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Marine Biodiversity

, Volume 47, Issue 3, pp 813–821 | Cite as

Updated checklist and analysis of completeness of the marine fish fauna of Isla del Coco, Pacific of Costa Rica

  • Manon FourriéreEmail author
  • Juan José Alvarado
  • Arturo Ayala Bocos
  • Jorge Cortés
Original Paper

Abstract

Isla del Coco, Costa Rica, is one of the five groups of oceanic islands of the Eastern Tropical Pacific (ETP), and is considered one of the most diverse. Since the mid-19th century, it has been the target of a number of scientific research expeditions that have produced specimen collections which are housed in natural history museums around the world. The fish assemblage of Isla del Coco is considered one of the most speciose and best documented group of marine organisms of the island. Despite this, recent work has resulted in a need to update the checklist for this important group. We performed a completeness analysis of the ichthyofauna of Isla del Coco based on scientific publications and reports of expeditions, specimens in foreign and national collections, and field surveys. We confirmed the presence of 514 species of marine fishes, representing an increase of approximately 23 % compared to what was previously reported. From a habitat perspective, 58 % of this assemblage is typically reef fishes, while the remaining 42 % are deep-water, and pelagic species. The average expected reef fish species richness is 318.2 ± 7.3, suggesting that the local inventory represents 93.7 % of the expected total richness. Our updated list and greater number of species has particular relevance to the conservation efforts at Isla del Coco, since current conservation efforts are protecting at least 50 % of ETP fish species and about 40 % of Costa Rica’s Pacific fish species.

Keywords

Species richness Eastern Tropical Pacific Oceanic island Marine protected area Conservation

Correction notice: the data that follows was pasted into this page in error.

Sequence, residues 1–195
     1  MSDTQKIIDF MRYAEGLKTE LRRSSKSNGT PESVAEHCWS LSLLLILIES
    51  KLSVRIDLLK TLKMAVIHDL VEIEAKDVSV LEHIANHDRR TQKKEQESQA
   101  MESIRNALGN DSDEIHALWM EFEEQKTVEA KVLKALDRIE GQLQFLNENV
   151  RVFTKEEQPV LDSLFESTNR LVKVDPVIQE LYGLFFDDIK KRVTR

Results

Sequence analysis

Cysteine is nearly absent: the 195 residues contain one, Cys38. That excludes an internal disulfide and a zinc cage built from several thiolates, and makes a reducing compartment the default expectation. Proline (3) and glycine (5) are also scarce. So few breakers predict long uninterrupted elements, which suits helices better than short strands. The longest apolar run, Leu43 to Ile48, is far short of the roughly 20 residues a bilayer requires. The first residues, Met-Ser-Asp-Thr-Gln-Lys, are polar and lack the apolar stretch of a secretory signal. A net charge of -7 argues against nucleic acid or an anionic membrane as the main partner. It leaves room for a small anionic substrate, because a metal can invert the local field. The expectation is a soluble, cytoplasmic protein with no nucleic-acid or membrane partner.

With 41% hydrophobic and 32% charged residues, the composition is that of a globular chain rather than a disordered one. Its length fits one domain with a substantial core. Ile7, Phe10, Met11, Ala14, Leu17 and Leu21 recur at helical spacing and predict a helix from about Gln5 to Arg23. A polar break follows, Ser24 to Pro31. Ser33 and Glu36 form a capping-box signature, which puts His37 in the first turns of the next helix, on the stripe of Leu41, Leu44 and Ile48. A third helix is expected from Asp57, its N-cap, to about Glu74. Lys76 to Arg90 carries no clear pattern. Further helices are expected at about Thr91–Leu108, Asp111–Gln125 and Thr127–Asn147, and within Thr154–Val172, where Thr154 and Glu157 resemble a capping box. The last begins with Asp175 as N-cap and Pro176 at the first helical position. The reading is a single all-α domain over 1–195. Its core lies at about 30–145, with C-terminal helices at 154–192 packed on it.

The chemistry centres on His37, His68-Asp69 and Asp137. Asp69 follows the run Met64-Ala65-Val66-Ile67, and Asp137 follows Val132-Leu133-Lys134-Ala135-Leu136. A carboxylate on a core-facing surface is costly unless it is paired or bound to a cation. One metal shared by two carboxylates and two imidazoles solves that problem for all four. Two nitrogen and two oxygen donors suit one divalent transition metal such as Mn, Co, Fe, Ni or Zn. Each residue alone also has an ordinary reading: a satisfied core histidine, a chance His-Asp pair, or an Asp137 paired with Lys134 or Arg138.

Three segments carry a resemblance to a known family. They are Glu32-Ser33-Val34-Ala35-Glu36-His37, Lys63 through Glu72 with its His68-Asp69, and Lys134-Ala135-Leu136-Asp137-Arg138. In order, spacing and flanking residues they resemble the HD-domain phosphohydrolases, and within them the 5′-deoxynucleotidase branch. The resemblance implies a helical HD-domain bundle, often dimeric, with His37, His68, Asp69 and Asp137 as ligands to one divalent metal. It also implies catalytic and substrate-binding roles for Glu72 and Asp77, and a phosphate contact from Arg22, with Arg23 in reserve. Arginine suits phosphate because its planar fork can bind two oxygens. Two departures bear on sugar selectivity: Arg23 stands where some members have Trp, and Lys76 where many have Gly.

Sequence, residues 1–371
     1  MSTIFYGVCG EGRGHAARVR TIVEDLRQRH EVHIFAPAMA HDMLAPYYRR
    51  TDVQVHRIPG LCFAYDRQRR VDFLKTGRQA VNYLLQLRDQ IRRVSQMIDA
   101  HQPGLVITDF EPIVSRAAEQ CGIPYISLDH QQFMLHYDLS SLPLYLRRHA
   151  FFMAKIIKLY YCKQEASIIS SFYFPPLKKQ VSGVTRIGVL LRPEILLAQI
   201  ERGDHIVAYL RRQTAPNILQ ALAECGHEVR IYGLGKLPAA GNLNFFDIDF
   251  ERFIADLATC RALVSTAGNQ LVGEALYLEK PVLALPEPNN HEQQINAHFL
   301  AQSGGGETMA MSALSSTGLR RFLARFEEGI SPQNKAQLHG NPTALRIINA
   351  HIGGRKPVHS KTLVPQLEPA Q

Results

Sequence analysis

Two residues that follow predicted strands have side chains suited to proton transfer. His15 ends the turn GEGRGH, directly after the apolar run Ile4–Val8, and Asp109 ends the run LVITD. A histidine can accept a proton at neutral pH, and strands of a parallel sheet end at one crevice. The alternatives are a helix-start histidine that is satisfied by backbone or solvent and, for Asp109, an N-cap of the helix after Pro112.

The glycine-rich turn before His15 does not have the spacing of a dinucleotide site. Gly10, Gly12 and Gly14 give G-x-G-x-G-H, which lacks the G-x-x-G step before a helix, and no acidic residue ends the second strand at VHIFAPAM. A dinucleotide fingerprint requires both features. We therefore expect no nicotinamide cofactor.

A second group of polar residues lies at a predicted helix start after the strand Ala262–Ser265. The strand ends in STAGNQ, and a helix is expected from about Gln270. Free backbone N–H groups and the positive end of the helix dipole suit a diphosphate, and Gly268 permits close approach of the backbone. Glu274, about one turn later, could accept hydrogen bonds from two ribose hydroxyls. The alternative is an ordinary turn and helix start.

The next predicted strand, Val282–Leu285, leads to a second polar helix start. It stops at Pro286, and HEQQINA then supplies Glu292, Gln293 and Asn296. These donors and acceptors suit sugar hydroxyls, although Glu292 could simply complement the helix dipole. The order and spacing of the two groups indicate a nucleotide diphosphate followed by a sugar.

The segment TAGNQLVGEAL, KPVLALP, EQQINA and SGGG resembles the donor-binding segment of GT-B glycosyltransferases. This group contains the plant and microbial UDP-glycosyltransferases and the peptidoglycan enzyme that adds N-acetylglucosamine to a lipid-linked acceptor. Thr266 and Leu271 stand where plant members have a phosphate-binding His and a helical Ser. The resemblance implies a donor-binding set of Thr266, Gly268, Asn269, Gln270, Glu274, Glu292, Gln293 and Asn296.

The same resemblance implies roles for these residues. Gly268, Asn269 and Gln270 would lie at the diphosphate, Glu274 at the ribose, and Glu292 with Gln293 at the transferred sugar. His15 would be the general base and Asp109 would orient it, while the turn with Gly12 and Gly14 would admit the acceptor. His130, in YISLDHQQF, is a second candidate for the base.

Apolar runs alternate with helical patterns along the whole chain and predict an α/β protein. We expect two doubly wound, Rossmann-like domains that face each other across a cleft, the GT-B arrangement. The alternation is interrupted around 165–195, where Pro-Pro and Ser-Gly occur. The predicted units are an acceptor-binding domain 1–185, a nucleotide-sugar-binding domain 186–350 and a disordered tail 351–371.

Notes

Acknowledgments

We acknowledge the economic support of the Fonds Français pour l’Environnement Mondial (FFEM, French Fund for the World Environment), Conservation International, the Consejo Nacional de Rectores de las Universidades Públicas de Costa Rica (CONARE, National Council of Rectors of the Public Universities of Costa Rica), and the Vicerrectoría de Investigación (Research Vice Rectory) and CIMAR (Marine Science and Limnology Research Center), both at the University of Costa Rica. We are grateful to A. Beita, C. Sanchez, A.G. Guzmán, E. Salas, and J.C. Azofeifa, who helped with collecting the information on the field trips. We are grateful to the Isla del Coco National Park rangers and the Undersea Hunter Group for their field support. We appreciate the comments and suggestions provided by A. Friedlander, B. Victor, and an anonymous reviewer that greatly improved this manuscript. We would also like to thank Robert Robins from the Florida Museum of Natural History, Rick Feeney from the Natural History Museum of Los Angeles County, H.J. Walker from the Scripps Institution of Oceanography, and Dave Catania from the California Academy of Sciences for helping corroborate the identification of several specimens in their museums.

Compliance with ethical standards

Conflict of interest

The authors declare that they have no conflict of interest.

This article does not contain any studies with human participants or animals performed by any of the authors.

Supplementary material

12526_2016_501_MOESM1_ESM.pdf (735 kb)
ESM 1 (PDF 734 kb)

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Copyright information

© Senckenberg Gesellschaft für Naturforschung and Springer-Verlag Berlin Heidelberg 2016

Authors and Affiliations

  • Manon Fourriére
    • 1
    Email author
  • Juan José Alvarado
    • 2
    • 3
    • 4
  • Arturo Ayala Bocos
    • 5
  • Jorge Cortés
    • 2
    • 3
    • 4
  1. 1.International Studies in Aquatic Tropical Ecology (ISATEC)Bremen UniversityBremenGermany
  2. 2.Centro de Investigación en Ciencias del Mar y LimnologíaUniversidad de Costa RicaSan PedroCosta Rica
  3. 3.Escuela de BiologíaUniversidad de Costa RicaSan PedroCosta Rica
  4. 4.Museo de ZoologíaUniversidad de Costa RicaSan PedroCosta Rica
  5. 5.Ecosistemas y Conservación: Proazul Terrestre A. C.La PazMéxico

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